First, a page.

Creativity demands space.
A nice padding of several inches or feet of psychic breathing-room permits us someplace to set aside our mundane worries to abandon the crap that usually dominates our internal landscape's central computer (the mind), so it is free to receive sparks of divine inspiration.
Without ample space, our creative flow is too susceptible to interruptions from the inner taskmaster, who's plenty eager to remind us we haven't yet bought the groceries, paid the electric bill, made that uninviting appointment with the doctor or lawyer, or returned the dozens of emails beckoning us by name from the inbox holding-tank.
And who, at any given time, possesses the confidence in one's conjuring capabilities to tell that bossy taskmaster to shut its damn face for a few treasured hours? to place such a high value on the enigmatic process of one's creations--of birthing some wholly original idea or image or object or entity or environmentthat the daily onslaught of lists of undone duties can be successfully held at bay, under the presumption that exercising our personal creativity is just as important (if not more?!?) than the other piled-up items?
For folks like me, who pride ourselves on self-identifying as 'creative types', maintaining a regular practice can be difficult, particularly in light of everything else we have to do. Except for the privileged (and oft well-deserving) few who have managed to carve out an entire lifestyle dedicated to exploring their creative instincts (through grant applications and artists-in-residence programs and other willing embraces of the need to self-promote), we're mainly left to squeeze our creative moments into the rigid gaps between bookkeeping gigs and after-school car-pool pickups. After a full day's slate of errands and obligations, perhaps sitting beneath a tree with a sketchpad or a poet's journal could provide the perfect respite. More often than not, though, it merely feels like 'another thing to do'and the easier, less effort-requiring respite more likely involves a glass of wine and mindless reality TV.
Above all other professional labels, I cherish my role as a writer. But after spending hours at the keyboard composing horoscopes, interpreting astro-charts, answering emails and other social-media demands, entering numbers into Excel spreadsheets, crafting promotional copy, and digesting gobs of news and hardly-news well, the last thing I typically want to do is stay at the computer and write more. One obvious antidote is to grab the trusty spiral notebook and a good old-fashioned pen (just like they made 'em back in the 20th century) and go elsewhere. The change in context and scenery always helps stimulate the creative mind. Still, as long as the clock is ticking and I only have two hours to, hurry! quick! write something from the heart that other people might find insightful or moving, there's already a performance pressure building up before I've finished the first sentence.
Regardless of the challenges, however, I am committed to writing. Over the years of astrobarry.com, I've continually sought to expand the breadth of my articles beyond mere astrology, in order to offer myself the room to share more of my creative self with you, dear readers. While I've earned a nice name for myself as a professional astrologer, I also want to be publicly perceived as more than that. Yet, as my astrology practice and my responsibilities as a metaphysical business-owner (see: The Sacred Well) both grow, my space for 'pure creativity' shrinks.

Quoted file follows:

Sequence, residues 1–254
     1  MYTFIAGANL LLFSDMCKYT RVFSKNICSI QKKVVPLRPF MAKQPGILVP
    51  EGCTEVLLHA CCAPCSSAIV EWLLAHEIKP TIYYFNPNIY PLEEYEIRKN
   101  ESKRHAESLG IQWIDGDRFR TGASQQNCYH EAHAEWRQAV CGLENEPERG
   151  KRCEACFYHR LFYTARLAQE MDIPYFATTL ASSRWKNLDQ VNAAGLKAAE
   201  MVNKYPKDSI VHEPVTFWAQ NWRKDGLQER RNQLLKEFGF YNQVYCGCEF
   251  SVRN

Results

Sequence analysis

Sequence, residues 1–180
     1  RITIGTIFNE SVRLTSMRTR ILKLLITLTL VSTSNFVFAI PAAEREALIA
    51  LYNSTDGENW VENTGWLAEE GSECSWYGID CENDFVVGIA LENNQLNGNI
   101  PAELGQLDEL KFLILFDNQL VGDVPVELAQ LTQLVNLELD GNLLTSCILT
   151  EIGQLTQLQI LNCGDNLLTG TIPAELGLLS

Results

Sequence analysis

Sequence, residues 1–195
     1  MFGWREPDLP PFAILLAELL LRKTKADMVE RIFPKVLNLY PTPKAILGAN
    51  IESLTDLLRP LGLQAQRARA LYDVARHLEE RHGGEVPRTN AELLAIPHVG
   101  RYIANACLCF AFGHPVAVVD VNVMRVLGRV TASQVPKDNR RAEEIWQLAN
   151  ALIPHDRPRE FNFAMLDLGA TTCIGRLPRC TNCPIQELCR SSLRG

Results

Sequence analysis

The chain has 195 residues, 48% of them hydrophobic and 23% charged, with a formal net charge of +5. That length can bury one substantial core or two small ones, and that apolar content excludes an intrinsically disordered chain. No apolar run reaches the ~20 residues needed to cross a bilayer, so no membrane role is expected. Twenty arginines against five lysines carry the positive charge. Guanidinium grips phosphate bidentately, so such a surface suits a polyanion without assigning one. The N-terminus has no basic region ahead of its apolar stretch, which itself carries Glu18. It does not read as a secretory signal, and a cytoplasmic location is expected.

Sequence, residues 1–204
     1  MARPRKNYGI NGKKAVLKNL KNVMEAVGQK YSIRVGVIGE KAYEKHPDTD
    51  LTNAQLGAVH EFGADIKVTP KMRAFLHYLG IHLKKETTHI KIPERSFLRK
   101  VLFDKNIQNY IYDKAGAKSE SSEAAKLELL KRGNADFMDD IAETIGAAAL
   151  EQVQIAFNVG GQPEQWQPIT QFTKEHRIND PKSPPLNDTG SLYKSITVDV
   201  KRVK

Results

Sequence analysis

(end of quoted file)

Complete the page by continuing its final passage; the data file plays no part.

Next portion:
That's not to discount the wonderful opportunities I have to inject my creative juices into all that I do professionally. I am endlessly grateful. Yet, at the same time, focusing my creative output in so targeted a manner toward business-related ambitions (no matter how unconventional or 'woo-woo' my businesses are) is not exactly identical to wandering rolling meadows or crashing coastlines, urban avenues or suburban dead-zones, gathering my observations by notebook-jot or camera-snap, free-spirit-style.
To create something new, imaginative and original requires the creator to look out at the world through fresh eyes and then express what they see in some medium they can distribute outwardly, for others' enjoyment and/or edification. But how 'fresh' can those eyes possibly be, if they're condemned to looking at the same damn stuff, day in and day out, all the friggin' time?
The busier we become (and mostly with relatively trifling crap), the less space we have left for looking with fresh eyes, for opening all our senses to be touched by the mystical interference of inspiration (an essential ingredient for creation), and for taking the time to translate our inspired visions into beautiful testaments for our fellow beings to experience.
Without consciously making this space, alas, we are doomed to soulless repetitions of unexamined routinesproductive, perhaps, in serving out automaton-like roles as cogs in the assembly-line of global capitalism (i.e., producing goods and services for a meager monetary wage, while the fatcats at the top collect a hefty profit off our efforts), but not exactly creatively self-fulfilling. And nothing ever really changes, unless it's been decreed from on-high by corporate budget trimmers and efficiency experts, tested by focus groups and excitedly hyped by marketing teams.
We willingly swallow what they're selling until we put up our arms, block the soulless intrusion, reserve ourselves a spacious radius of room in which to be and then create something better. Art, in all its forms (or whatever you call it), really does change the world.